I spent a lot of time researching and measuring for this job before I
      bought part one. The tie rod ends were a different part # so that
      necessitated my first visit to the wrecking yard. It was quickly
      apparent what the differences were, but the '61 tie rod ends were the
      same size and taper as the '69 steering arms and would work fine. So
      the steering and rotor assemblies are a bolt on - ball joint to ball
      joint & steering arm. But in 1961 the booster mounting studs were
      slightly farther apart than the '69's and so the holes in the
      firewall had to be altered slightly. There is plenty of support
      material so overall strength is not compromised. But the two lower
      studs on the 1969 booster are also much shorter. Solving this dilemma
      involved enlarging the holes in the firewall and the inside pedal
      support bracket. I used extra long 'coupling' nuts together with
      studs epoxyed into one end to

      ' Disc brake set up means: steering knuckle & arm, hub, rotor,
      caliper, etc. for each side, plus a master cylinder/booster

      unit, equalizer and the steel lines from the master cylinder to the
      equalizer; all from the same car if possible

      lengthen the too short lower studs on the booster. But this made the
      studs too long so I used a piece of tubing and a large flat washer to
      make it all work. I avoided modifying the booster itself, as it is a
      service part and might be needed as a core. The actuating rod fits
      the stud on the brake pedal perfectly, but is longer than the
      original 1961 by 1/4" and left the pedal way too high in the car. I
      solved this by spacing the booster out from the firewall 1/4". This
      puts the pedal at stock height; I would have liked to have spaced it
      out even a bit further to lower the pedal even more but the booster
      would then be too close to the engine's rocker arm cover. The brake
      light switch was still in perfect adjustment. An alternate way of
      resolving the pedal height might have been to relocate the pivot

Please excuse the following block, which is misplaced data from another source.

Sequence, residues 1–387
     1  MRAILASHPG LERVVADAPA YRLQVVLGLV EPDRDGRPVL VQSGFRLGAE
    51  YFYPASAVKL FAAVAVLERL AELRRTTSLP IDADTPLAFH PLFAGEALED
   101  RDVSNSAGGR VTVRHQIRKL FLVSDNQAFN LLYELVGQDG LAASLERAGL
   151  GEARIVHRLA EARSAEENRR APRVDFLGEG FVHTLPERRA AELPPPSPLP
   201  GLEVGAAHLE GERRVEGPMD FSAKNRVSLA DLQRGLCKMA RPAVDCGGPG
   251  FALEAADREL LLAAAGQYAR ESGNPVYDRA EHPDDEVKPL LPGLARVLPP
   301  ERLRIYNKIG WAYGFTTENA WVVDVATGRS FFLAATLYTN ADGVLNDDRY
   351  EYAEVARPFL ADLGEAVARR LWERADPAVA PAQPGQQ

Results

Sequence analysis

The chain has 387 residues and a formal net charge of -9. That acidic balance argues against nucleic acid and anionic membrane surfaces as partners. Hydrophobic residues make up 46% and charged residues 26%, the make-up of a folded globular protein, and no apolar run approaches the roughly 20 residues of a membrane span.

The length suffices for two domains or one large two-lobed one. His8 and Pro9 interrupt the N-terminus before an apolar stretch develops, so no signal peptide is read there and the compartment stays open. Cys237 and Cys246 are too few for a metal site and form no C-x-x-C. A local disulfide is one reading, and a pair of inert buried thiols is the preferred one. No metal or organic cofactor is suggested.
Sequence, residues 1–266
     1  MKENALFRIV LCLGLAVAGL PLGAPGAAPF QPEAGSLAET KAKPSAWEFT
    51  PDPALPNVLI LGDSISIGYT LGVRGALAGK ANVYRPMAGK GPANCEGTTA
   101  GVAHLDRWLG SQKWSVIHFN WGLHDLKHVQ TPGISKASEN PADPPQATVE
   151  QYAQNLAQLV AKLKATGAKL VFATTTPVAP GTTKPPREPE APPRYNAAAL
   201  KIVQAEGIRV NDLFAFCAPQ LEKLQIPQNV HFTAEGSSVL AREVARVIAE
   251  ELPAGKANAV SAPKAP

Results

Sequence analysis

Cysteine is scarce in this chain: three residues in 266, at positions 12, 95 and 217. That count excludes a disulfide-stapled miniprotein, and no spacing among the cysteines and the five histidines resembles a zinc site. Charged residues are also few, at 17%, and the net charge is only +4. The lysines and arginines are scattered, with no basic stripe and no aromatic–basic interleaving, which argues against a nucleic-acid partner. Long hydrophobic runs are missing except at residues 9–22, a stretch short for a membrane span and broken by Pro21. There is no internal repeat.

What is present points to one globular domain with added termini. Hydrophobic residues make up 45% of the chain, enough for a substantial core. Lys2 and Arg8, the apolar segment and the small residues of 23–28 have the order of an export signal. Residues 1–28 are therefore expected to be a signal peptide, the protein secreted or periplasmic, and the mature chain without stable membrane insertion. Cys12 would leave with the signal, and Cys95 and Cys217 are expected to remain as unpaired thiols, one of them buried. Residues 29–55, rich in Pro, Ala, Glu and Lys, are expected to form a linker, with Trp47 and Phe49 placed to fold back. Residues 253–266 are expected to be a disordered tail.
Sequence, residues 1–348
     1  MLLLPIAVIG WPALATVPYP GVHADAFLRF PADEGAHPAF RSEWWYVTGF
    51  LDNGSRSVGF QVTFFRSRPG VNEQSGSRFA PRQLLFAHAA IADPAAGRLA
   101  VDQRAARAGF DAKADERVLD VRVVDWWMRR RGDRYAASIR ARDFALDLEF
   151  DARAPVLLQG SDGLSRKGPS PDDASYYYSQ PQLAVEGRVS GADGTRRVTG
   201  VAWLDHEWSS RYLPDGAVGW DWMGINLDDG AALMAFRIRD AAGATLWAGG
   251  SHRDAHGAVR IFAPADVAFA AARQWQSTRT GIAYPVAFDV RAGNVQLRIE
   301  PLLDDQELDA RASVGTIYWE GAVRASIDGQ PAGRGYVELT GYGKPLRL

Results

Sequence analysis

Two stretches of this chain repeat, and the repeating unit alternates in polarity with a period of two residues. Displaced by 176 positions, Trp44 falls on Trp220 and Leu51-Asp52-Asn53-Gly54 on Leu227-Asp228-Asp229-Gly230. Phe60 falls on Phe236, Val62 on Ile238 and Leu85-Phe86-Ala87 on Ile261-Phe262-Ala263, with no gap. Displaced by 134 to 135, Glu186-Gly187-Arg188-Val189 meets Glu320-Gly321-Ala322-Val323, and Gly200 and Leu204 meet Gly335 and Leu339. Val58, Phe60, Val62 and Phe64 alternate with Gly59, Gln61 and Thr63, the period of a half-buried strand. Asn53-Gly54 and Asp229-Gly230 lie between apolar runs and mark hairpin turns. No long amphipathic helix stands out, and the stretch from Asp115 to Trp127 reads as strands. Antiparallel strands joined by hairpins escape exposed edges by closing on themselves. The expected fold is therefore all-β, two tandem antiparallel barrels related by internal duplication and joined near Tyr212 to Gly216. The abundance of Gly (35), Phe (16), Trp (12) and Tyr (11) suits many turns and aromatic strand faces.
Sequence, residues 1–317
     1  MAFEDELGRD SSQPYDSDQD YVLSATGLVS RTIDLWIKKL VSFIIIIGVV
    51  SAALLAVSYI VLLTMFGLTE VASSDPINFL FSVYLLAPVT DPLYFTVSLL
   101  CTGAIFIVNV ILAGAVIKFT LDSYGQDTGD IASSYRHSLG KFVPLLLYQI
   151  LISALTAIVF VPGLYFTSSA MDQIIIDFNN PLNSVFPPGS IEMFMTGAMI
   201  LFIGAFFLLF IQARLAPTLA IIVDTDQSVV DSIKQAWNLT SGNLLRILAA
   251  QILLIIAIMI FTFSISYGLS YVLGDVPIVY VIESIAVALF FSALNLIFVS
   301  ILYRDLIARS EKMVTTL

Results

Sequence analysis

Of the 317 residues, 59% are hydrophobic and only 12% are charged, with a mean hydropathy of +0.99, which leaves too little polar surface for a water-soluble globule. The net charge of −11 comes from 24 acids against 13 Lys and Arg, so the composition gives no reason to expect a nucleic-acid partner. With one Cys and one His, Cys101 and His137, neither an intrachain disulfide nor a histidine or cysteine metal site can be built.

point of the pedal, which could be done.

      The original master cylinder fed the fluid straight down, the new one
      feeds horizontally to the left, directly into the inner fender, which
      must be modified for clearance. I cut a pair of slots less than one
      inch apart, and with the center strip bent out of the way, cut long
      enough (=4") to clear the forward fluid line from the master
      cylinder. The rear line cleared without modification.

      Wheels from a disc brake model are required to clear the calipers,
      and they also happen to increase the total track width by 3/4" (3/8"
      each side), This will also necessitate late model wheel covers, as I
      seriously doubt the 1961 covers will fit. Don't forget the spare

      While upgrading to disc brakes, take the time to inspect the rest of
      your suspension as now would be an excellent time to replace worn out
      bushings and ball joints. I always rebuild the master cylinder but
      have never needed to rebuild the calipers. I always use new rubber
      hoses to the calipers too. This is a good time to check and rebuild
      if necessary the rear wheel cylinders too. Check the rear hose(s)
      too! A through bleeding is in order after any brake work that opens
      the fluid system, and be sure to check for leaks, including seepage,
      for several days after! The 1969 DeVille used a junction block as
      well, to divide the fluid to the front wheels. This junction block
      also has a button on it which must be held out while bleeding the

      Upgrading to disc brakes is a fair bit of work but for the sake of
      driveability and safety, it's well worth the effort! This car is much
      more fun to drive, as now I can stop with the best of them